By Elsa Felgar
Staff Writer

Famous for being a top travel destination, Switzerland attracts visitors from all around the world for its nature, skiing, food and shopping. But this might change this year due to the Swiss National Bank (SNB) unpegging its currency from the Euro. A problem for the SNB from the very beginning, pegging the Swiss franc to the Euro was done in Switzerland’s best interest from a Swiss perspective. But with rising complaints from Swiss industries and politicians, and the European Central Bank (ECB), at the time, planning to increase the value of the Euro though a process of quantitative easing, it was time for the Swiss to cut the currency cap.

The SNB Backstory

To understand the SNB and the reasons to pegging and then unpegging their currency, we must delve back to the happenings of 2011. Greece and Ireland had already asked the European Union (EU) and the International Monetary Fund (IMF) for bailouts and the eurozone crisis was still very much underway. Portugal, Italy and Spain soon followed and at the end of 2011, and soon the instability of Europe became unsettling for politicians and investors alike. Switzerland, however, remained a safe investment route and it was not long before foreign investors put their money into Swiss banks. The value of the Swiss franc increased, and exports became more expensive and less competitive. As the Swiss franc’s value rose, it became overvalued and the SNB decided to peg its currency to the Euro at a rate of 1.2 Swiss francs. This meant that the SNB had to artificially increase the amount of Swiss francs to main its currency cap. Since then, the SNB has done exactly that.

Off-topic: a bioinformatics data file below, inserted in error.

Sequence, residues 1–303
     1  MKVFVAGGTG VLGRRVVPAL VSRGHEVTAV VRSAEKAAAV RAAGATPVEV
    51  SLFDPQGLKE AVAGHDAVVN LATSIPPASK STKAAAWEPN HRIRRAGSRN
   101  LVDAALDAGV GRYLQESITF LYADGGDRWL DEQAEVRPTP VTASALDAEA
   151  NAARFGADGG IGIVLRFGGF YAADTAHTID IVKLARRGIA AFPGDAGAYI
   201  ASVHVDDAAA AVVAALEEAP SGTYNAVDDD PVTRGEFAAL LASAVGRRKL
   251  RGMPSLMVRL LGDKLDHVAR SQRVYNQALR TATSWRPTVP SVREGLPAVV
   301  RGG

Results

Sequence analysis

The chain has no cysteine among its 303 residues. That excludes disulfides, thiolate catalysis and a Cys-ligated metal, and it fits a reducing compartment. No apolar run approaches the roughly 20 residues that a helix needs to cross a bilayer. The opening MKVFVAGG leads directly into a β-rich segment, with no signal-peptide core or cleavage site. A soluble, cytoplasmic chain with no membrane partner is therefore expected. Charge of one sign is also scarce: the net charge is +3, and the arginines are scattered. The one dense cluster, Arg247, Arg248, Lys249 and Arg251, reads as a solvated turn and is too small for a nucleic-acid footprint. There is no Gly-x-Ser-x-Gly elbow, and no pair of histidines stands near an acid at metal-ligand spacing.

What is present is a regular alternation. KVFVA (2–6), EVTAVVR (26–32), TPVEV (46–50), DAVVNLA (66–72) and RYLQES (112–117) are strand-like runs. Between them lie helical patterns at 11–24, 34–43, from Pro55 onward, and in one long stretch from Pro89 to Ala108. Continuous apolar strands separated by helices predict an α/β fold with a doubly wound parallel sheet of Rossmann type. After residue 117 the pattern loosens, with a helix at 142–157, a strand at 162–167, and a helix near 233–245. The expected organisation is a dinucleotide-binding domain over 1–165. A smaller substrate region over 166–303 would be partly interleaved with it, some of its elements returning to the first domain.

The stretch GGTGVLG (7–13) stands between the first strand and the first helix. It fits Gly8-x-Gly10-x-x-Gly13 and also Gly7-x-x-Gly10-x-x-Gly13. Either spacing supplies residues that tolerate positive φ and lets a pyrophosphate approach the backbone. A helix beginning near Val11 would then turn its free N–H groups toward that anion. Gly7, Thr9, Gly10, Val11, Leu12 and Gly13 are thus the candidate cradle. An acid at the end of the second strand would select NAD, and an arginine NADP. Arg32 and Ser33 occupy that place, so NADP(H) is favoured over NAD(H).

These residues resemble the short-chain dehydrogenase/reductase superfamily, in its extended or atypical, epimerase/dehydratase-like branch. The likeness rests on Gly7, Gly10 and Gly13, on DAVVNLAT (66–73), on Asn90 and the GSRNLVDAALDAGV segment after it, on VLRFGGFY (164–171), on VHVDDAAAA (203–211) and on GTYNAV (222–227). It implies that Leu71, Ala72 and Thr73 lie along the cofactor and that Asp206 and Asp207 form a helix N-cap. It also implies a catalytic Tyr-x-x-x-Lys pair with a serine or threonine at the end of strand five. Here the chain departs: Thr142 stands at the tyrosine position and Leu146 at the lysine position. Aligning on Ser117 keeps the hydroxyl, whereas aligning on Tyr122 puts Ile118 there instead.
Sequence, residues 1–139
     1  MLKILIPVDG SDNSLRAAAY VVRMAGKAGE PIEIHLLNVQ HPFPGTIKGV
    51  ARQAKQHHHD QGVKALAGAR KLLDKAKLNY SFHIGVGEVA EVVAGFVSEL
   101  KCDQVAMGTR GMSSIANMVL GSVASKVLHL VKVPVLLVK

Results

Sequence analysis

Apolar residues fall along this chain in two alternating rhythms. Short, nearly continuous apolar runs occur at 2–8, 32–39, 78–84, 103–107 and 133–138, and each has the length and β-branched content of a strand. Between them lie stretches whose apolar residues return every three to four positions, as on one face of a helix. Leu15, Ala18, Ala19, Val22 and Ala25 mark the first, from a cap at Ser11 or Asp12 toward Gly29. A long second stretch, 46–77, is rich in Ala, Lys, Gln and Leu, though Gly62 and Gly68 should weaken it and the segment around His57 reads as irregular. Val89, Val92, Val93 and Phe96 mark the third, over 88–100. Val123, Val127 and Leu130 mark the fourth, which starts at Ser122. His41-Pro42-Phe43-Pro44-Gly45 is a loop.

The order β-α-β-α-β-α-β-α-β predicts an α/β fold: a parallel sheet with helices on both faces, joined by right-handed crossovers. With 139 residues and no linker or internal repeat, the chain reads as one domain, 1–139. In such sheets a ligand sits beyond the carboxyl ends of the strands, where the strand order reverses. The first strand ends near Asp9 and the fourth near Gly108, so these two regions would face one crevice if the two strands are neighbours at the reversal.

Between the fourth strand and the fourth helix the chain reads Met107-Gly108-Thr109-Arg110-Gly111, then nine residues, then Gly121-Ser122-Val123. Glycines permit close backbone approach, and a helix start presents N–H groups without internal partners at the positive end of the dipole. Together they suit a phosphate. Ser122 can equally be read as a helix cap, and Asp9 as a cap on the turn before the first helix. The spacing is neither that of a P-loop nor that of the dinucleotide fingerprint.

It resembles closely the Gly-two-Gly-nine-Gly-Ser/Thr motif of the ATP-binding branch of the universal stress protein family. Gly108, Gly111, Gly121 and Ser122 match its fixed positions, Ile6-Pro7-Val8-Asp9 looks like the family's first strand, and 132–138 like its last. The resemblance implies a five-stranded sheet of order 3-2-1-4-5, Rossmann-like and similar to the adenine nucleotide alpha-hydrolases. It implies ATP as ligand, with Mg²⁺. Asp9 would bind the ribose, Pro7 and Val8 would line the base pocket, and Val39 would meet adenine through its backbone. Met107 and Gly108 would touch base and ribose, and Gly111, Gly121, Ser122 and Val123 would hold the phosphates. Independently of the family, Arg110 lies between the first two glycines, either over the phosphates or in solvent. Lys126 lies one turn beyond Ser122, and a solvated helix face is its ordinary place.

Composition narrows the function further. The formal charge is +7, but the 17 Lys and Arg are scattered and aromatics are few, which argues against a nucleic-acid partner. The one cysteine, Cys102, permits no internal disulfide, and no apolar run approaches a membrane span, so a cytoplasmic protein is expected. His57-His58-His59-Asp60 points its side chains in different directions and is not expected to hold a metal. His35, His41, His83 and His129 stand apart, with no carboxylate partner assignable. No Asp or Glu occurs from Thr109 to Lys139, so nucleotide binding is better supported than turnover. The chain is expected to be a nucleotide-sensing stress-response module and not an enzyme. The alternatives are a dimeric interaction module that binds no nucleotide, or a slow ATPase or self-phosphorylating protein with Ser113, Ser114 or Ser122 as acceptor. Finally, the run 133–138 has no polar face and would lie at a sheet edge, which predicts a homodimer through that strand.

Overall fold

With a lower value of the Swiss franc relative to the Euro, Europeans could easily buy more Swiss goods and vacation in Switzerland, particularly at well-known ski resorts. This also allowed for Swiss exports to remain relatively low against the Euro. Thus, the cap was used as a mechanism to control for the increase in franc value.

Unpegging the Swiss Franc

After three years, this mentality slowly began to change as politicians pressured the SNB to lift its peg, and as European politicians did not see an increase in the economic recovery from the European debt crisis. Christine Lagarde, IMF director general, mentioned that the slow progress was dangerous because Europe and Japan would experience long-term low growth and low inflation. As a result, this constant deflation needed the intervention of the European Central Bank (ECB). The solution was the implementation of quantitative easing.

The purpose is to increase the money supply of the euro to artificially influence economic growth. If the currency cap were to still be in place, the SNB would have to print more Swiss francs to match the value of the Euro. Because this would no longer serve a proper purpose of maintaining the cap, the SNB decided that it should disable it.

The Reason for Quantitative Easing

Before we can continue talking about the effects from the Swiss franc currency increase, we need to understand the connection between the SNB and ECB. The main process of quantitative easing is that the ECB buys government bonds, increasing the demand for bonds and in return increasing their value [3]. Although a major risk is that inflation will increase and the currency value will decrease, currently Europe is struggling with deflation so any pull to get inflationary measures enacted is welcomed.